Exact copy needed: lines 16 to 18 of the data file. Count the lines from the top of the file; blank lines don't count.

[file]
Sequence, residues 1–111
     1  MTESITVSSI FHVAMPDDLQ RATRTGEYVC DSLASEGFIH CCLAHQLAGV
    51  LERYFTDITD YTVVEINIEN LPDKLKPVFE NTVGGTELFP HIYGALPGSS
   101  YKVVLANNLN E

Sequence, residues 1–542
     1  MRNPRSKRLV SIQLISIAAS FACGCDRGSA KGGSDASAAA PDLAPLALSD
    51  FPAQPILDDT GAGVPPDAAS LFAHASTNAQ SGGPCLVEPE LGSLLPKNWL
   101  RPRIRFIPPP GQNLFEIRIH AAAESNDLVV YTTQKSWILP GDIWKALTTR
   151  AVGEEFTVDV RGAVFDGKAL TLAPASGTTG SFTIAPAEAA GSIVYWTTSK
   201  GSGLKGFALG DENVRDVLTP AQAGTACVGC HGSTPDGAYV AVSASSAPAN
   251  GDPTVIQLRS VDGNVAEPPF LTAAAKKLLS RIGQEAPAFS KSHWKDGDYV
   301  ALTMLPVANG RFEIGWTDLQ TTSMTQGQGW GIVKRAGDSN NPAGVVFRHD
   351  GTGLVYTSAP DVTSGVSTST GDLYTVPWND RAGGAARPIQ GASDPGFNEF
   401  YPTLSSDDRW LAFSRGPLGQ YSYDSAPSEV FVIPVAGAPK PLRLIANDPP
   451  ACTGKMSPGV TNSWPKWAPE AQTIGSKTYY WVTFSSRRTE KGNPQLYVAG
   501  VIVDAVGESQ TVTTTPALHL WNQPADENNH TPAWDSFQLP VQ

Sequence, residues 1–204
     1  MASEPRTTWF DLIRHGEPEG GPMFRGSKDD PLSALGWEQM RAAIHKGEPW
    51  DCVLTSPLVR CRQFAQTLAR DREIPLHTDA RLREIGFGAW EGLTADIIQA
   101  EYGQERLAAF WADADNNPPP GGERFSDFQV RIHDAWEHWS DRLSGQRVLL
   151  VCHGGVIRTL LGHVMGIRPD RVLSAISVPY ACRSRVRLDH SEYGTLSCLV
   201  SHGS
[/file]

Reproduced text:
   501  VIVDAVGESQ TVTTTPALHL WNQPADENNH TPAWDSFQLP VQ

Sequence, residues 1–204
     1  MASEPRTTWF DLIRHGEPEG GPMFRGSKDD PLSALGWEQM RAAIHKGEPW